A Rotorua teenager has the chance to exhibit with some of the best Māori fashion designers from around the country at the Tiki Āhua fashion show.

Rotorua Girls' High School head girl Te Ririu Williams, 18, says she is excited but it feels like it has not sunk in yet.

"On the night it will be pretty overwhelming because my work will be up with some top designers.

"It's been a lot of weekends taken away and time preparing."


She will be showing two accessories on the Tiki Āhua catwalk - a pākē, and a tātua attached to a maro.

Her accessories are made out of harakeke flax using the traditional art of raranga (weaving).

She says incorporating raranga into fashion and everyday life is a goal of hers.

"It's [raranga] definitely a passion of mine."

She says one day she would like to teach raranga to others so the traditional skills of her ancestors can be carried on and are not lost.

She has been doing raranga for about six years.

She says her fashion teacher at Rotorua Girls' High School was asked by Tiki Āhua if there were any students that could enter the Emerging Designer category.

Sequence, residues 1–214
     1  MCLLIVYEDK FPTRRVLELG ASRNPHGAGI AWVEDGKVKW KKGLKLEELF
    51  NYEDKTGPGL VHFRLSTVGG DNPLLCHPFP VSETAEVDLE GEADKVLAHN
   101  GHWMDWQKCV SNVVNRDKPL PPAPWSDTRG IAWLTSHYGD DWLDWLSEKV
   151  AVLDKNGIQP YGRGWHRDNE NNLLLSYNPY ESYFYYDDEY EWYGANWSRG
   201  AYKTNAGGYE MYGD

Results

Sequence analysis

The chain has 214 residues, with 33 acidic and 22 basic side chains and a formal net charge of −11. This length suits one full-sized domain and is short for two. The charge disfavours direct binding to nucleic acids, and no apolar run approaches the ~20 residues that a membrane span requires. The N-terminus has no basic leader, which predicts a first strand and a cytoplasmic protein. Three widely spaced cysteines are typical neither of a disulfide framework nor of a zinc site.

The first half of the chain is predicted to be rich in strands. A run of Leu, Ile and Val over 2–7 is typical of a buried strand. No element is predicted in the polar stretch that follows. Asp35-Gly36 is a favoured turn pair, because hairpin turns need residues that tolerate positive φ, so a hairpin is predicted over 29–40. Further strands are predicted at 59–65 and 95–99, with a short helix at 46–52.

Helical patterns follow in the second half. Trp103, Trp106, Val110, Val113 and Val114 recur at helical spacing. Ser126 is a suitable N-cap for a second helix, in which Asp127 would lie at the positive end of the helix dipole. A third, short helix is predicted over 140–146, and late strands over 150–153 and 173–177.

Te Ririu says she has been trying to get her doorways open and getting connected with others, so Tiki Āhua will be a great opportunity to get some contacts.


She is looking forward to seeing her items on a model and on a runway.

Te Ririu says what she enjoys about design is creating and coming up with new ideas, and learning different techniques.

Te Puia sales and marketing general manager Kiri Atkinson-Crean says Tiki Āhua provides an important platform for both established and emerging designers, "showcasing the creativity of our people".

"It provides an opportunity to merge our traditional Māori arts and crafts - which we are mandated to preserve – with contemporary art, giving both the opportunity to shine.

"It is fantastic to be able to offer young designers the platform to showcase their works on the runway alongside those who have forged a career in fashion."

Kiri says Tiki Āhua allows the best of Māori arts, design and music to be shown, and that it is great to be able to support designers, both locally and further afield.

"We have a vision to eventually grow Tiki Āhua into a week-long festival pulling together emerging and established designers along with industry leaders, to collaborate across workshops, meetings and in retail and trade events."

The fashion show is on tomorrow night at Te Puia.

Tiki Āhua fuses contemporary fashion with traditional Māori arts for an evening of fashion, design, music and dance.

The runway event will be followed by a concert headlined by LAB, the band founded by the Kora brothers and featuring musicians from Katchafire.

For more information and tickets go to www.ticketmaster.com.